With the help of our online map, we found our way back to the medina and looked around for our dining options that evening.

I wanna reiterate that Rabat’s medina felt safer and people are friendlier to tourists. Restaurant prices were also noticeably cheaper here as compared to those in Casablanca. 

Rabat Morocco Travel Guide Blog

After a filling dinner, we headed back to our hotel and rounded up very early for a packed day the next morning.

Rabat Morocco Travel Guide Blog
A typical Moroccan breakfast
We woke up early and headed towards the medina for breakfast. After which, we started our morning walk to our main objective that day—the Hassan Tower

Rabat Morocco Travel Guide Blog

Listed as one of the UNESCO World Heritage Sites in Rabat, Hassan Tower was supposedly built to be the tallest minaret (a type of tower usually found in mosques used for Muslims' 'call to prayer') during its construction. The problem was, its lead person died before its completion so it remained to its current state—an unfinished mosque. No entrance fee was collected when we went inside. 

Rabat Morocco Travel Guide Blog

There’s this charming feel to what was supposedly a grand mosque even with its unfinished state. The columns felt like we were on a set of a ruined ancient structure.

Rabat Morocco Travel Guide Blog
Hassan Tower
On the other end of the site is another important landmark in Rabat—the Mausoleum of former Moroccan King Mohammed V and his two sons, King Hassan II and Prince Abdallah.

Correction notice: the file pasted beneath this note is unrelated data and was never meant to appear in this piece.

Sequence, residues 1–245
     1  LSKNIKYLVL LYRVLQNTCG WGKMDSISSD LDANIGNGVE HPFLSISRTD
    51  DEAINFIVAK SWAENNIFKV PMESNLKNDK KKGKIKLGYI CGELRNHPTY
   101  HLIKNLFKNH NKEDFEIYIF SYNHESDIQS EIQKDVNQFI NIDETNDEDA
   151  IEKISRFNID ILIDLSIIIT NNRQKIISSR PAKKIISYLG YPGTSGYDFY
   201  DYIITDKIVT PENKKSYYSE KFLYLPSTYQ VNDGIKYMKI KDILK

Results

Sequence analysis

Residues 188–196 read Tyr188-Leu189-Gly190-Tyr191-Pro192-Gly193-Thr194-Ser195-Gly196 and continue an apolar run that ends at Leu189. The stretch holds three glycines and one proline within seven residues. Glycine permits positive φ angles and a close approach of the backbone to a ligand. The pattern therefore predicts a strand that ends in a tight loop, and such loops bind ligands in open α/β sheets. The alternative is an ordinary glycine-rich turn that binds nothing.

The glaring sun slowed us down on our way back to the medina. We sat on a park somewhere which provided a nice view of the nearby town of Sale. At that point, my buddy suggested that we should take a tram and visit it.

It wasn't included on our plan but Sale is definitely a must-visit if you're in the capital city of Rabat.

Sale Morocco Travel Guide Blog
View of Sale from Rabat

Sale Morocco Travel Guide Blog
Rabat's tramway
We took a tramway (MAD6 / USD0.60) and basically got off at Gare de Sale Station. It only took us ten minutes to reach it from the Hassan Tower.

With no idea on where to go and what to do, we entered a bab (gate) of Sale's medina and explored what's inside. 

Sale Morocco Travel Guide Blog
Sale's medina
Late morning happenings greeted us as we went further inside. Market scenes and busy locals filled a small part of the old city. Our aimless saunter brought us to Masjid Asam or The Great Mosque of Sale - the third biggest mosque in Morocco. Just like the other mosques in the country, we weren't allowed to go inside but we somehow found a way to get into its spacious courtyard.

Sale Morocco Travel Guide Blog

As we walked along the narrow alleys of the mosque, we found Marinid Madrassah of Sale which allows guests to enter for a fee. 

Sale Morocco Travel Guide Blog
Marinid Madrassah of Sale
We paid MAD10/person (USD1) for the entrance fee which permitted us to go around the premises.